Then there was this shift. Just when I was at wit’s end, sobbing from exhaustion and terror and darkness, a whisper came: “Darling girl. Your attachment to the gift has rendered the gift joyless.”

I remember hearing the whisper, breathing in his beautiful baby smell for a minute and then, much to the relief of my husband, putting him in his crib in the nursery so that I could actually get some rest.

Whispers are sometimes a sign of insanity…other times they are angels giving a little direction.

Regardless of where the whispers came from, I remember that moment as being pinnacle because for the first time I was able to flick this internal switch and ever so slightly detach myself from the fear of of loss just enough to be able to live in a state of quasi peace with knowing that while there was no way to completely avoid loss, dwelling on its possibility was like asking for double the loss without  experiencing the joy of the very gift you want to keep and hold on to and love with all you are.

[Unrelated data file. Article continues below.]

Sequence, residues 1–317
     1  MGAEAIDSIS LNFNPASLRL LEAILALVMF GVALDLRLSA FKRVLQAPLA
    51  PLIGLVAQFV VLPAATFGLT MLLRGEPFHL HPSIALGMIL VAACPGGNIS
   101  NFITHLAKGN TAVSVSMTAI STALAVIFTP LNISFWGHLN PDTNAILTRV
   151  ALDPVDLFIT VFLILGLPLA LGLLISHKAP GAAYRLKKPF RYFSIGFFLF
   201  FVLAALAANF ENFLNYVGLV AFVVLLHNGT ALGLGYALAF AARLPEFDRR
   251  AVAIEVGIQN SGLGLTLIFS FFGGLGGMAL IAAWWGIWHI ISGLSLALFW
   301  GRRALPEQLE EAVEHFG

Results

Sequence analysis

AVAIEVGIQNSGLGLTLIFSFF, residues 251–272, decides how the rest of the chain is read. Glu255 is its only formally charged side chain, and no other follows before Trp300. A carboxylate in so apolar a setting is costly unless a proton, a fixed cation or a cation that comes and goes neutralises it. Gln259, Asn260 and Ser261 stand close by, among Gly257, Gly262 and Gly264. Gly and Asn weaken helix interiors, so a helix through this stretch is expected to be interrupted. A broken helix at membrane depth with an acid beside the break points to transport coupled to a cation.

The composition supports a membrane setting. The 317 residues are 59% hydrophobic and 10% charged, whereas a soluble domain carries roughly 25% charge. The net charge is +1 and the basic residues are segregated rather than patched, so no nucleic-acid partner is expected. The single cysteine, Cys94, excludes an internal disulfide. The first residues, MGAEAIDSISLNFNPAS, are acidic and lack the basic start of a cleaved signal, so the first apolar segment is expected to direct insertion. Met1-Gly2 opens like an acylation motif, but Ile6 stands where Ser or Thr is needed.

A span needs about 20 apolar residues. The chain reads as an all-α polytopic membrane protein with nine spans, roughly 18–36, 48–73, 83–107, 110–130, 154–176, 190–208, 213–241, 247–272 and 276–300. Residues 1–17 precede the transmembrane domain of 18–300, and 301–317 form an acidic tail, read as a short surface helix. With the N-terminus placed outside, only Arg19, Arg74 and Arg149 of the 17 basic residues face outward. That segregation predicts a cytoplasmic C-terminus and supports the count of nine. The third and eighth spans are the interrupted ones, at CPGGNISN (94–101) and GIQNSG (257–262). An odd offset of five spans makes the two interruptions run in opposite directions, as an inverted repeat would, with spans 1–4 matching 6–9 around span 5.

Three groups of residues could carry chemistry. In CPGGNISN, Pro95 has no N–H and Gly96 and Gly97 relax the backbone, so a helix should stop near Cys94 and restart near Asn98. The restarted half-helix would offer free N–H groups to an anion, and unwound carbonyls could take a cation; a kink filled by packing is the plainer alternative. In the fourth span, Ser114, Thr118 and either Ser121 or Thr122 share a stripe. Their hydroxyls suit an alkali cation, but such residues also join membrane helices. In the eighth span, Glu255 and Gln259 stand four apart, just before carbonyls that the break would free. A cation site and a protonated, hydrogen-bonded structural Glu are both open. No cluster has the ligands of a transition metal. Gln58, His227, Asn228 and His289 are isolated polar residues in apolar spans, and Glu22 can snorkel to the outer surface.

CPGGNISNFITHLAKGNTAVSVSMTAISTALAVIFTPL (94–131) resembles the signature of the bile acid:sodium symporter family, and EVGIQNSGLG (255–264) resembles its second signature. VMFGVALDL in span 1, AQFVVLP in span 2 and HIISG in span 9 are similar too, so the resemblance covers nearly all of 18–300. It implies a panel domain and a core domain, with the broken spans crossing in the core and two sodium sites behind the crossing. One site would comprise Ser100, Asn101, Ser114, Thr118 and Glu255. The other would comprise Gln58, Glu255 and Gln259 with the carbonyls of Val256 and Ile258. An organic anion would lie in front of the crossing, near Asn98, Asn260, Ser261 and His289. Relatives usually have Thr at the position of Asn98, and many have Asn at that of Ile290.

Enter me the SECOND time on Aftershock. I was still hysterically giggling from surviving the first ride and you simply can not clench your butt cheeks when you are giggling. At least for very long.  So I was able to FEEL the rush of what felt like dropping off a cliff and the elation of rising back up again. And while I only opened one eye, I was able to see the joy on the boys’ faces and feel the pure euphoria of being alive. I’m so glad I got a do over.

So. Yes. One could say that it doesn’t matter how you ride the roller coaster so long as you actually get on the ride. There is for sure bravery in this. Roller coasters are fucking scary. But there is something to be said for letting go of the fear just a little in order to experience the actual ride a little more fully, in all its heart stopping glory. And the chances of shitting yourself are really not greater either way. But if you are worried that relaxing your butt cheeks could allow this to happen, well, simply avoid wearing white my friend.

P.S. Let it be noted that Mitchel eventually got on a roller coaster that day: and it was on one that was WAAAAY scarier than Aftershock.